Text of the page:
DETAILED DESCRIPTION

FIG. 1 illustrates an exemplary system for a virtual adjustment of property casualty losses in accordance with the present invention. In accordance with exemplary embodiments of the present invention a virtual adjuster arrives at a property which has suffered a casualty loss. The virtual adjuster brings a satellite dish 102, transmitter/receiver (transceiver) 104, router 106, computer 108, printer 109, video conference equipment 110, camera 112, audio transmission equipment 114, and one or more sensors 115.

The satellite dish can be any type of satellite dish which allows for the transmission and reception of signals with a satellite, such as the SWE-DISH Drive-Away 150 KM produced by SWE-DISH Satellite Systems of Stockholm Sweden. This satellite dish is designed for rooftop mounting on a vehicle. While the vehicle is in motion the satellite dish is stored in the rooftop mount. When satellite communications are desired, the satellite dish can automatically be deployed and pointed towards a desired satellite. SWE-DISH Satellite Systems sells a GPS/Compass system which provides automatic satellite locating and signal acquisition which can be used with the SWE-DISH Drive-Away 150 KM.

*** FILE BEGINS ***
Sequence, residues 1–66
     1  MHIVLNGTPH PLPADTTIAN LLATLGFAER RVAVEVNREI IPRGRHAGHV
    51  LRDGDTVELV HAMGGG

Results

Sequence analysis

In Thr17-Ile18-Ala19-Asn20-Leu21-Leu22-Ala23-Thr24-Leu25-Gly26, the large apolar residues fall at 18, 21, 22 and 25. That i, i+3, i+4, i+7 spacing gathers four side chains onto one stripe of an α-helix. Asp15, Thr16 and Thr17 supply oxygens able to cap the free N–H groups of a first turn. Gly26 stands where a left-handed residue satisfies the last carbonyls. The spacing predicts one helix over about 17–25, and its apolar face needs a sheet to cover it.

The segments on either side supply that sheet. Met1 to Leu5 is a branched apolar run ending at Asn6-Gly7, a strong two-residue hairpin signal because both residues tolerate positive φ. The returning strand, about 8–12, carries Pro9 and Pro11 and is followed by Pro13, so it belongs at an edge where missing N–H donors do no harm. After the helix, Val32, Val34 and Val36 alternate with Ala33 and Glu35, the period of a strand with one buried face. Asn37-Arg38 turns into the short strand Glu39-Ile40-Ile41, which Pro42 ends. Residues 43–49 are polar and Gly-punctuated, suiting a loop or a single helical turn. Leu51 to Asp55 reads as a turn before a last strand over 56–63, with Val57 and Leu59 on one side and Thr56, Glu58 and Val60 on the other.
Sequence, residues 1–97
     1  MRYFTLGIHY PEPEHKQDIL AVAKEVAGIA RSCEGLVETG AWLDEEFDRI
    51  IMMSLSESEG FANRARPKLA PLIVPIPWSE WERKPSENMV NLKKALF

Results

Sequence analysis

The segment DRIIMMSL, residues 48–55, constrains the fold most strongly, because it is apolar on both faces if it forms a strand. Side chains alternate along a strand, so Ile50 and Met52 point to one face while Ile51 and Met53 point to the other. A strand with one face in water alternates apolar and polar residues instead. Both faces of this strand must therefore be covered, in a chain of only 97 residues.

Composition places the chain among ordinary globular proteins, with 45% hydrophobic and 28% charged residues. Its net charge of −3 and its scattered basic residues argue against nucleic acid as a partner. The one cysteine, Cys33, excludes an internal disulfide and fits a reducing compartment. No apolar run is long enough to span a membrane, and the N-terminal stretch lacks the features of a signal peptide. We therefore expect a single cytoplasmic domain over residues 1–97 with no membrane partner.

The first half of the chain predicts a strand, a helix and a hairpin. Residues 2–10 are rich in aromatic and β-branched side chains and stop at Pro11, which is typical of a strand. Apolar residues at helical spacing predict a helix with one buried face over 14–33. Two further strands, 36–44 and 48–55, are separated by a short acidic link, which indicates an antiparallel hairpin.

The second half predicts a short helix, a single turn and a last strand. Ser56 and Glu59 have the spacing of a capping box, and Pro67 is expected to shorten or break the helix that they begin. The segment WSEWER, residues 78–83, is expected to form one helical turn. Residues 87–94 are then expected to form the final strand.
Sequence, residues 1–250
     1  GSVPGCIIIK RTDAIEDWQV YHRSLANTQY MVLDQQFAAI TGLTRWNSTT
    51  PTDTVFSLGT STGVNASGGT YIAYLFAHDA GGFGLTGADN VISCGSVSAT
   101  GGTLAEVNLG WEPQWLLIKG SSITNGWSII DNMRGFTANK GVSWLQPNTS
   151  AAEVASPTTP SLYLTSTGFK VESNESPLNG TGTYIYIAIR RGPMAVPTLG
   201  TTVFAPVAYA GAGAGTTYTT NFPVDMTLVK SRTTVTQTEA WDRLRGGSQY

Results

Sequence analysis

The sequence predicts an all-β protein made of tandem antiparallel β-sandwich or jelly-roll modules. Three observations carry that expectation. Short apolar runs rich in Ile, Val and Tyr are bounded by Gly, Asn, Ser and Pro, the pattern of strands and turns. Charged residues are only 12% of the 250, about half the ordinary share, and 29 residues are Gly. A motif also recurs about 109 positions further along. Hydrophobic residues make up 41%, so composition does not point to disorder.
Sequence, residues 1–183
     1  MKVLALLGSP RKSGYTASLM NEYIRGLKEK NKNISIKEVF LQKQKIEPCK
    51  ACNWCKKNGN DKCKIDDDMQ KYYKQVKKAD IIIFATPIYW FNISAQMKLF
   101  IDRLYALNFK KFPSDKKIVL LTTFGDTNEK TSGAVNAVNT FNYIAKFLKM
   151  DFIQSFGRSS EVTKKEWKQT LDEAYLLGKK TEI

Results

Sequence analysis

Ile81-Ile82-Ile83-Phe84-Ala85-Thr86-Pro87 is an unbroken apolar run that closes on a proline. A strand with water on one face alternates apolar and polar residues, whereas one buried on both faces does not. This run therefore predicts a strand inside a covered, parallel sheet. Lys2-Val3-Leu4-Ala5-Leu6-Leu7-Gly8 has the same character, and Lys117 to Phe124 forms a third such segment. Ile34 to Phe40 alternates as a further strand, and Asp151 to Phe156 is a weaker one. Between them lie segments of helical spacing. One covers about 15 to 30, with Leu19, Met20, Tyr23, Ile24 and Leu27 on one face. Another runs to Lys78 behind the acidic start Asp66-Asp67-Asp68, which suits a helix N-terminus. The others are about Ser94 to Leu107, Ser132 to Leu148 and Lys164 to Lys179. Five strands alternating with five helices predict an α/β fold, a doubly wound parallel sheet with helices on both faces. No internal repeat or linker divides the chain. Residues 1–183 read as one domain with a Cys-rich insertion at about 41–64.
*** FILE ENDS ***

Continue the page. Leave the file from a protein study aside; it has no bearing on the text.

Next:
The transceiver 104 can be any type of terminal or modem which is capable of communicating with a satellite via a satellite dish and which can provide the received information to a computer 108 or to a router 106 in the form of, for example, Internet Protocol (IP) data packets. One such transceiver is the LinkStar Satellite IP Terminal manufactured by ViaSat.

Router 106 can be a wired or wireless network hub or router which provides information received from the transceiver 104 to a computer 108. For example, router 106 can be a Dual-Band Wireless A+B Broadband Router Model No. WRT51AB manufactured by Linksys. If router 106 is a wired router, or if wireless communications cannot be performed between router 106 and computer 108, networking cable such as CAT5 cable is employed between the router 106 and computer 108.